When the Mini evolved to Series II in late 1967, it gained a carbuncle-like coffin-shaped protruding front grille that featured more chrome than a jukebox. It threw the classically simple and balanced design of the Mark I (as is shown in the post) totally off kilter. The vast cross-section of the grille surround itself was scaled more to a Daimler Sovereign than the 10-foot long Mini.

    I have owed three Mark I Coopers and have never considered a later version.

  10. There is one more very worthy car that should get honorable mention alongside this illustrious group: the Citroën Traction Avant.

    It went into production in 1934 until manufacture was interrupted by World War II in November of 1941. After the war, production resumed in June of 1945 and continued through July of 1957. Altogether; 19 years.

    The Traction was the world’s first car to have a unitized monocoque structure and first successful mass-produced front wheel drive car.

  11. The list is dominated (only two exceptions) by cars with engines over the drive wheels. Versatility seems to be the hallmark of the cars in this list. Very enjoyable read.

  12. J Kraus rightly mentions the Hindustan in another post; could the Checker Marathon also qualify? The VAZ and Lada Riva may have been restyled, but then so did the Mini and tribute should be paid to the original Fiat 124 concept. Comparatively changes to the Renault 4 were minor. Even the 2cv with its third side window and restyled tail did not escape. The Peugeot 404 pick-up was produced until 1989, but this may be a little out of bounds and too exotic. In the nearly-made-it category, it is worth citing another minimal car, the Fiat Panda, produced for 19 years if you include the SEAT guise for the last part of its life.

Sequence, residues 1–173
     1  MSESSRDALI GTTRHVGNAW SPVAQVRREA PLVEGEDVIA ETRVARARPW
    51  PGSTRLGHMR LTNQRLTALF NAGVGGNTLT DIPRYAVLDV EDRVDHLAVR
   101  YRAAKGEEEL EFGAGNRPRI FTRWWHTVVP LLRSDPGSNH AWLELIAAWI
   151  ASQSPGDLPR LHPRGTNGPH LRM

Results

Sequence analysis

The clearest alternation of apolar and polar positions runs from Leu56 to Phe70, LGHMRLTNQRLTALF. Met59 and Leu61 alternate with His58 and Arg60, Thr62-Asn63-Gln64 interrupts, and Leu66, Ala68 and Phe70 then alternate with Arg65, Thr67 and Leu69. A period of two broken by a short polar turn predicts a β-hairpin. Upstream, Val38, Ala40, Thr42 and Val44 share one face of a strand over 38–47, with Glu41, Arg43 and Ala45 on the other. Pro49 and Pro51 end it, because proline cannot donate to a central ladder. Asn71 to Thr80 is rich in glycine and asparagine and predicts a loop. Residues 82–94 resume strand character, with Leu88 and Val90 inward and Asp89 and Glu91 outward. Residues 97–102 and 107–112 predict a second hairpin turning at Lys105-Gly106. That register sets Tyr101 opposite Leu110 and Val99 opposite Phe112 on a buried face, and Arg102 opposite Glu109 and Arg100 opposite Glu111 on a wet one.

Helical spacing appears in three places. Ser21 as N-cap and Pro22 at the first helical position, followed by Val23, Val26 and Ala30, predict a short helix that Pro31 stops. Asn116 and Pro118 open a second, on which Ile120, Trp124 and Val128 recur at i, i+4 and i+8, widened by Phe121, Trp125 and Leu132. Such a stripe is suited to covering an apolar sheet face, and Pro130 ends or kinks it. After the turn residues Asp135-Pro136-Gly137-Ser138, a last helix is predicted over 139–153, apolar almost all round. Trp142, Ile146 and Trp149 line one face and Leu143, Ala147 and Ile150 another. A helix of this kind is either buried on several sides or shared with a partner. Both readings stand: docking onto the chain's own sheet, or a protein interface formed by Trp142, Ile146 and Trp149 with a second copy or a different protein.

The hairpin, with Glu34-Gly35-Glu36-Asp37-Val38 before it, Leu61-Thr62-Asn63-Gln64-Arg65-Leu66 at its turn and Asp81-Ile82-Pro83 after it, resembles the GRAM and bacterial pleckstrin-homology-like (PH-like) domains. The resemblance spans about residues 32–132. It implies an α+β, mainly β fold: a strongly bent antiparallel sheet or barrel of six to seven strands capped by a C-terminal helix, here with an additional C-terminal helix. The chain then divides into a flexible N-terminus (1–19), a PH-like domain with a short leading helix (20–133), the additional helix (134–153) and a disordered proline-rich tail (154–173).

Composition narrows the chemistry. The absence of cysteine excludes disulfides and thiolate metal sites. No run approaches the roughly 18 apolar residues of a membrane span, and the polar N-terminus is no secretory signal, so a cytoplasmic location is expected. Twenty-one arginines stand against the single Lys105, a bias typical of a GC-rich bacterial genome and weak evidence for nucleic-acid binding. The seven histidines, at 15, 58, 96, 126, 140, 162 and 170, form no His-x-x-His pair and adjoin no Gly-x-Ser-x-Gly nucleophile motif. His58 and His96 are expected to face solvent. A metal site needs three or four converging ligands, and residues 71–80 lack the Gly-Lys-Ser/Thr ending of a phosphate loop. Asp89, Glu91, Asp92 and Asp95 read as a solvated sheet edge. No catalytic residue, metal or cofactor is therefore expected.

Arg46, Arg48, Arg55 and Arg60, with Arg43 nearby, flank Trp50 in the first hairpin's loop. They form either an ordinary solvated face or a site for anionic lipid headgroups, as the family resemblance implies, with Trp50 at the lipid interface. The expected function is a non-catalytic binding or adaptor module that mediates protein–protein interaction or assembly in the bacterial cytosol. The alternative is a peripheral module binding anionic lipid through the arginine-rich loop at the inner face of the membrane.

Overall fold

The Fiat 600 and its different variations around the world should definitely be considered as a hallmark of success in automobile production – which introduces another interesting criterion, i.e. not just the lifespan, but also the number of countries in which a car was produced for the local market. One oft-forgotten car that was only produced in France, but that qualifies in terms of duration is the Renault Juvaquatre, born in 1937, three years after the Traction. It remained into production until 1959, using the Dauphine’s engine in later years, hence the name Dauphinoise it was then given. The car is said to having been copied by Opel with its pre-war Olympia.

    Speaking of the Traction, Citroen’s H Van using the Traction’s mechanicals lasted for more than 20 years. Not sure whether Renault’s’competing Estafette quite made it, but Peugeot’s J7 restyled into the J9 van is a possible contender, subject to debate. In the same line of thinking, could the Citroen C5 small van qualify? It derived from the late 1970s Visa and lived on into the 2000s, even passing crash tests, only failing later emission tests. The Visa by the way used the twin-cylinder engine first sported by the 2cv, then the Dyane, Ami6 and Mehari, and the Peugeot 104 platform, later used by the Romanian Oltcit and, in its short-base 104 coupe version, by the Talbot Samba: succesful cobbling.

    What about the Morgan, in its own niche?

  13. Many interesting and well-considered observations!

    I decided to limit the candidates to those that were still available in Western markets 20 years or more after initial production; that would confirm that they were still competitive in the most discerning marketplace.

    The Checker was designed and built as a taxicab; very few were ever sold for civilian service.

    The Juvaquatre would have qualified if it were not for the interruption of production during the war years.

    I concentrated on passenger cars only, which disqualifies commercial vehicles and vans.

    The Morgan was never mass produced; if it was, the 4/4 would easily be at the top of the list!